Chavez details arms build-up

Venezuelan president lays out plans to make country "invulnerable" to attack.

    Hugh Chavez has vowed to make Venezuela safe from foreign invasion [AFP]

    "[It] will convert Venezuela into a nation truly invulnerable to any external threat, invulnerable to any plan of aggression."
    He said oil-rich Venezuela would also open factories to product rifles, centres to train jet fighter pilots and facilities to upgrade the Venezuelan airforce.
    Chavez has often spoken of his aim to upgrade the country's defence systems but Friday's speech was the first time he has done so with any specific detail.
    Chavez said Venezuela's arms build-up did not pose a threat to regional stability as Washington has suggested, but said that the country was simply modernising its military after years of neglect.
    "They are necessary investments. We're not going to attack anybody," he said.
    Chavez announced spending of more than $561 million for factories to build automatic AK-103 assault rifles, munitions, and detonators.

    Chavez has previously expressed interest in purchasing weapons from Iran [AP]

    In addition, he said Venezuela would open one facility to train pilots to fly Russian M-17, M-26 and M-35 helicopters, and another to overhaul F-5 fighter jets.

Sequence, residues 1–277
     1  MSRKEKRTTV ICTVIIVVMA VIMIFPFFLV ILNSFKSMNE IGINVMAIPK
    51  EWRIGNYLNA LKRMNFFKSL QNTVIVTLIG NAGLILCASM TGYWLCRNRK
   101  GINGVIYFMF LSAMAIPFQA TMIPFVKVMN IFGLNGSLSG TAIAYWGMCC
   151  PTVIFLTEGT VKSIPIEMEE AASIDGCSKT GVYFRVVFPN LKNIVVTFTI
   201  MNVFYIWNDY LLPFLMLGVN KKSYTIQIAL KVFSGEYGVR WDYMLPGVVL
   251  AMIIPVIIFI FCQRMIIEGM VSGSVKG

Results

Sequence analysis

Venezuela was also considering building a plant to maintain Russian helicopters, he said.
    Venezuela last year signed an agreement with Russia to buy 24 Sukhoi fighter jets and 53 helicopters. That followed earlier deals to acquire 100,000 AK-103 Kalashnikov rifles and other helicopters.
    Those military purchases are estimated to have cost around $2.7 billion.
    He has also previously said that he was considering purchasing arms from Belarus and Iran.

    SOURCE: Agencies


    Meet the deported nurse aiding asylum seekers at US-Mexico border

    Meet the deported nurse helping refugees at the border

    Francisco 'Panchito' Olachea drives a beat-up ambulance around Nogales, taking care of those trying to get to the US.

    The rise of Pakistan's 'burger' generation

    The rise of Pakistan's 'burger' generation

    How a homegrown burger joint pioneered a food revolution and decades later gave a young, politicised class its identity.

    'We will cut your throats': The anatomy of Greece's lynch mobs

    The brutality of Greece's racist lynch mobs

    With anti-migrant violence hitting a fever pitch, victims ask why Greek authorities have carried out so few arrests.